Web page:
Divorce and breakups from long-term relationships have for too long been seen as a sign that we somehow “failed” or “something is wrong with us.
I felt this way myself, blaming myself for “ruining everyone’s lives (as if I had that much power).”
But what I’ve learned and what I have observed in all my clients who go through the process of uncoupling from a serious relationship is that sometimes the most honorable action one can take is letting go in spite of all the narratives we have constructed to the opposite.
As a holistic individual and group psychotherapist, as well as a yoga and meditation instructor, integrating and understanding the body-mind-heart-spirit connection is the cornerstone of the transformational process in my work.
The body cannot be free, loose and relaxed and the heart open when the mind is full of racing thoughts, self-doubt, terror or confusion.
Raising our energetic vibration to the qualities of sacredness - lightness, peace and contentment - is very possible if we understand the basic quantum physics of sacredness. In order to create sacredness, we must engage in activities and thoughts that are high vibrating. This is mostly done by slowing down and opening our hearts.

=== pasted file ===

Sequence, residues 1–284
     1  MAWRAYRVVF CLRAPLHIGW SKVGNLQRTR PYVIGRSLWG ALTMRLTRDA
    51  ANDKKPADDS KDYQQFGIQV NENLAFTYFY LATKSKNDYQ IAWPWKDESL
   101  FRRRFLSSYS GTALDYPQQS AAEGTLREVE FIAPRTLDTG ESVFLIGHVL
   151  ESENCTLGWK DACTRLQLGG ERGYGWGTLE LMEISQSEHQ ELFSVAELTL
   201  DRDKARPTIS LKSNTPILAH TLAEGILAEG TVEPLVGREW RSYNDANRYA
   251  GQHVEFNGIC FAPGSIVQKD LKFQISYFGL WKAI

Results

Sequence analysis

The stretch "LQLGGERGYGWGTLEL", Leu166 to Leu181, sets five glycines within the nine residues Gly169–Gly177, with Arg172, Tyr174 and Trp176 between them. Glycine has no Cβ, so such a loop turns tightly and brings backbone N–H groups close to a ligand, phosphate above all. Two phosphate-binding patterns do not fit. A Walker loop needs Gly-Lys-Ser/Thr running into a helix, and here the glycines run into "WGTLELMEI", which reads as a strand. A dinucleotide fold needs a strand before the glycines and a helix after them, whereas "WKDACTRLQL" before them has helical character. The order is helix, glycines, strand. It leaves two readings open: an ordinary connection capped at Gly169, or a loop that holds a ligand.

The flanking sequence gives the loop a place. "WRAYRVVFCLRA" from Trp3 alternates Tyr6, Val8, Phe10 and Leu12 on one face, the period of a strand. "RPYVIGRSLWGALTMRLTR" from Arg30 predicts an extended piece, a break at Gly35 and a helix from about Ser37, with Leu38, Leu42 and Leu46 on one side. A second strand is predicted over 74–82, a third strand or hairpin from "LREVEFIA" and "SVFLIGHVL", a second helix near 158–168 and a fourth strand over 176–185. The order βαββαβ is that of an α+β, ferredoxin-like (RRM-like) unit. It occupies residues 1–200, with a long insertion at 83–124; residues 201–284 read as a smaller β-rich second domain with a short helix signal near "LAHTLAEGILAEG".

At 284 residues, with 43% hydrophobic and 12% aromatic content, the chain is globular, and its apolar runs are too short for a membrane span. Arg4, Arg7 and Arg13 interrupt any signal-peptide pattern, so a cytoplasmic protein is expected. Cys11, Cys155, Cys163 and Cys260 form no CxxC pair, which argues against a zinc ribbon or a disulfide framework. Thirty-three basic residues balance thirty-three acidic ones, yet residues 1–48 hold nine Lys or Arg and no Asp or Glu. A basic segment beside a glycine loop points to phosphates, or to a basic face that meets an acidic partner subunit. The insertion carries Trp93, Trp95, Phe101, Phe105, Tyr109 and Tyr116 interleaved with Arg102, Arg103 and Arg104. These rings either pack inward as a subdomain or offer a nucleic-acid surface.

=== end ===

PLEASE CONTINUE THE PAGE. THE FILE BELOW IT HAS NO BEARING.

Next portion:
How many times a week do you feel even just slightly defeated by an image that is scrolling on your smartphone? Did you know some folks in the clinical world call this constant angst social media disorder?
Cellphone addiction is like other addictions on steroids, but is similar behaviorally and physiologically, said Caroline Culverhouse-Neithamer. "The instant gratification and constant opportunity for searching keeps the dopamine cycle in a constant loop," she said.
My endless passion for women's healing began on day 31 of my stay at the Caron Foundation during 2007, when I was not sent back to New York City to continue my doctoral studies in clinical psychology as planned.
Caroline Culverhouse-Neithamer explains some signs of a true retail addiction could be hiding purchases from family and friends, forgetting about purchases and incurring debt. "In the extremes, your mind is consumed by it," Culverhouse-Neithamer said. "When can I shop next?"